Public Health Service

Food and Drug Administration

Center for Drug Evaluation and Research


Date: May 23, 2002

From: OTC Omeprazole Magnesium (Prilosec 1TM) Review Team

To: Gastrointestinal and Nonprescription Drug Advisory Committee Members, Consultants and Guests

Through: Division of Gastrointestinal and Coagulation Drug Products

Division of Over-the-Counter Drug Products

Subject: NDA: 21-229: Prilosec 1 (omeprazole magnesium) for OTC Use


Omeprazole, a proton-pump inhibitor, was approved for prescription use in 1989 and is currently marketed for the following indications:

The recommended dose and treatment duration range from 20 mg daily for up to 4 weeks for short-term symptomatic GERD to 20 mg daily for up to 12 months (for maintenance of healing of erosive esophagitis).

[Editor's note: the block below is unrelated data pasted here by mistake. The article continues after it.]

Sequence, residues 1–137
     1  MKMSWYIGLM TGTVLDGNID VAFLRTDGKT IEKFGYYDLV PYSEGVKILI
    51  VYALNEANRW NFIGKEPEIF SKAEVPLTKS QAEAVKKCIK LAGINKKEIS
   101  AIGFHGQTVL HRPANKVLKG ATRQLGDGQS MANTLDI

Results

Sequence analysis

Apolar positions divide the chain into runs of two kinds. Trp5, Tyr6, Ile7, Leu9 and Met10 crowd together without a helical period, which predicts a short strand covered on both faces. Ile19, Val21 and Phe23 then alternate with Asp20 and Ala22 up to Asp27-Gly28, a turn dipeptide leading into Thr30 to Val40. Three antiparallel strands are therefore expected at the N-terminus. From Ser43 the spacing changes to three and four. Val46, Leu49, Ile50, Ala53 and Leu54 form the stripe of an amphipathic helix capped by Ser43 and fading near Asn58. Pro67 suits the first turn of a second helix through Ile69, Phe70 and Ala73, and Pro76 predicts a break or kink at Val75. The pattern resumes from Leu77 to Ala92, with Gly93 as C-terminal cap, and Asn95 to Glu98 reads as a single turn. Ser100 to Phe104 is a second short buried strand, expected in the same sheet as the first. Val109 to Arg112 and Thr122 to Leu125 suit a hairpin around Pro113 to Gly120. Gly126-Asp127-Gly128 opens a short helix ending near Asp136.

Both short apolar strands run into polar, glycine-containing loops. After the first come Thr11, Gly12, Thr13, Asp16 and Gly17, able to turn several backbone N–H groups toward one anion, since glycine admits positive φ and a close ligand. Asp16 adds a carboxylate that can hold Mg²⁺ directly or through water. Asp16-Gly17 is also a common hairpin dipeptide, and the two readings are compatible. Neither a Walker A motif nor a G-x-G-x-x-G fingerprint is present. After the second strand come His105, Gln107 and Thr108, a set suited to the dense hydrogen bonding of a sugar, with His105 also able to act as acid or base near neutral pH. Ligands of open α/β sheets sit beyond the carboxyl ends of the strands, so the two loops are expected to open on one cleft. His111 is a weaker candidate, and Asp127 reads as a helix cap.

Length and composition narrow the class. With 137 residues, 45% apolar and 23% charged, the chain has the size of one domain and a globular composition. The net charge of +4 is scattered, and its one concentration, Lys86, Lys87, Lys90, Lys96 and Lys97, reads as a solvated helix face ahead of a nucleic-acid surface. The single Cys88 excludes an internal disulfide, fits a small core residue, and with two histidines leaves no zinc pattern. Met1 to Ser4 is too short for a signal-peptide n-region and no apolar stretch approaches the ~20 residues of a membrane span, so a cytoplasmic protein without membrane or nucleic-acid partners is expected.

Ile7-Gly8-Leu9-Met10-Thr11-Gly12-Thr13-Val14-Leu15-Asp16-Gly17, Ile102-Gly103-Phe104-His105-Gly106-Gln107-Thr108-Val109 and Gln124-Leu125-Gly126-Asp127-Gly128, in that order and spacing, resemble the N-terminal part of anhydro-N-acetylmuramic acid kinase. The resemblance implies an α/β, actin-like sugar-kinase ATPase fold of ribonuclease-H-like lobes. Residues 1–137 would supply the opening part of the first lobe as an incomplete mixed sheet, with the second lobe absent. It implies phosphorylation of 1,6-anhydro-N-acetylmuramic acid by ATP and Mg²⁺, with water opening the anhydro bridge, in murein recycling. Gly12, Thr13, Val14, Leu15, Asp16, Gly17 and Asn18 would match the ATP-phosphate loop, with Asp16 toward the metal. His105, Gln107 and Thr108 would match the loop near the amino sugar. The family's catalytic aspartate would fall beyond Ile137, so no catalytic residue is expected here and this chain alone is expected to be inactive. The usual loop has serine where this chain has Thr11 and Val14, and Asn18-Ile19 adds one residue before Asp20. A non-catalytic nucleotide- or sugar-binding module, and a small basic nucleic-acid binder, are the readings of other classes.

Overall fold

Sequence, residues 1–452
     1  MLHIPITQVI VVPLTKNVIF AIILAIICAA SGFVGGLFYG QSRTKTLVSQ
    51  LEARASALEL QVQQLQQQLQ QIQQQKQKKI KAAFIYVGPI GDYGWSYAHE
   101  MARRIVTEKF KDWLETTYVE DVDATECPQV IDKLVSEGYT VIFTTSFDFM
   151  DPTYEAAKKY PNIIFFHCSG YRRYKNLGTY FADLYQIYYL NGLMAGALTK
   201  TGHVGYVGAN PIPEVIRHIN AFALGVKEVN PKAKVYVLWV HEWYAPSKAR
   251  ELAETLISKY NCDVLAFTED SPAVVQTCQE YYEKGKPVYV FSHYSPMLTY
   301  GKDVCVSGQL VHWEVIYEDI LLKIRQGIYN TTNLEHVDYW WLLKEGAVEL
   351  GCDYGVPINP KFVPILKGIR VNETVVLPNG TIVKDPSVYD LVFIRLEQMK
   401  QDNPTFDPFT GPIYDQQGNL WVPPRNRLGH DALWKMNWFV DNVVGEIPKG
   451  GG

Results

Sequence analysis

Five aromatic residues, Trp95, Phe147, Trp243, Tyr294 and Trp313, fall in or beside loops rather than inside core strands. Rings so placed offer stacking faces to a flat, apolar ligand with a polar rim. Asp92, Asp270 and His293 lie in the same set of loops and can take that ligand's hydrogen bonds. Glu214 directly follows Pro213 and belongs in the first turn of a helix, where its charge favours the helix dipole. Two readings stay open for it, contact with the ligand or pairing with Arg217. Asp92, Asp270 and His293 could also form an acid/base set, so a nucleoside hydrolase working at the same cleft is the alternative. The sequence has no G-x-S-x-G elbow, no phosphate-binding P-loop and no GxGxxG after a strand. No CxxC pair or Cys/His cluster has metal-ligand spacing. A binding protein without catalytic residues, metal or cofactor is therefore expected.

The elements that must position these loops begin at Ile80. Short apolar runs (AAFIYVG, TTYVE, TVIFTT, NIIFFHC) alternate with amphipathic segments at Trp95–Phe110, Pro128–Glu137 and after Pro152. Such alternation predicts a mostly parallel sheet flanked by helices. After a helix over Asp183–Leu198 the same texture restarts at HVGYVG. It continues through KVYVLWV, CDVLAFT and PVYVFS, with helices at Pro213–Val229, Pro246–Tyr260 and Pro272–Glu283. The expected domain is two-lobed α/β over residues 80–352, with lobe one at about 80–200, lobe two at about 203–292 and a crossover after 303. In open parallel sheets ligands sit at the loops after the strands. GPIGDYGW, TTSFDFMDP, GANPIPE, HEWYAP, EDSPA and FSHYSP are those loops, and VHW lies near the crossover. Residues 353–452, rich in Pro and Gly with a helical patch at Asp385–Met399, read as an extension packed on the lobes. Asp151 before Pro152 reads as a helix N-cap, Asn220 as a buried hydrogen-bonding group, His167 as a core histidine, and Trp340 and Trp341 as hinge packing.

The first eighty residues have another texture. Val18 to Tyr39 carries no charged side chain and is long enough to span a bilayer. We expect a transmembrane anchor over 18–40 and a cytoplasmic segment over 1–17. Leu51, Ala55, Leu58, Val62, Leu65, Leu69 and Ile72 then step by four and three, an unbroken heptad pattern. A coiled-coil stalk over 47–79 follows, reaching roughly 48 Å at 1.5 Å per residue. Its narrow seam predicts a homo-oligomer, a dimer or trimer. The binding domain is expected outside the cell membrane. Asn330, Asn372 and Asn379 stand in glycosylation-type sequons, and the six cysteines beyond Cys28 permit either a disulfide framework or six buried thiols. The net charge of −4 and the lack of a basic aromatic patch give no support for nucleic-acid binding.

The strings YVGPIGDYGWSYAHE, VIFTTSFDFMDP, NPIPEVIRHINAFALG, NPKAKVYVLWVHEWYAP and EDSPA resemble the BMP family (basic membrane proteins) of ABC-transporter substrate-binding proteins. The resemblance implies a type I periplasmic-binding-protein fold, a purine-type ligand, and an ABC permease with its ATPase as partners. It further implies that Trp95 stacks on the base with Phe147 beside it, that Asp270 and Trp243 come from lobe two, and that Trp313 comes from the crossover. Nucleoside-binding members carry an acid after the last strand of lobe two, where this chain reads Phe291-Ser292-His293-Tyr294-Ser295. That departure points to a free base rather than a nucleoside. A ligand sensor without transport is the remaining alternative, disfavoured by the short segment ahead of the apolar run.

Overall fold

Currently there are two classes of drug products available OTC for use in heartburn: antacids and acid reducers also known as histamine-2 receptor antagonists (H2AR). Both of these classes of drugs are indicated for the treatment of acute occasional heartburn symptoms. The acid reducers have the additional claim for the prevention of meal-induced heartburn at specified times depending upon the product. The 24-hour prevention claim is one not currently available in the OTC market.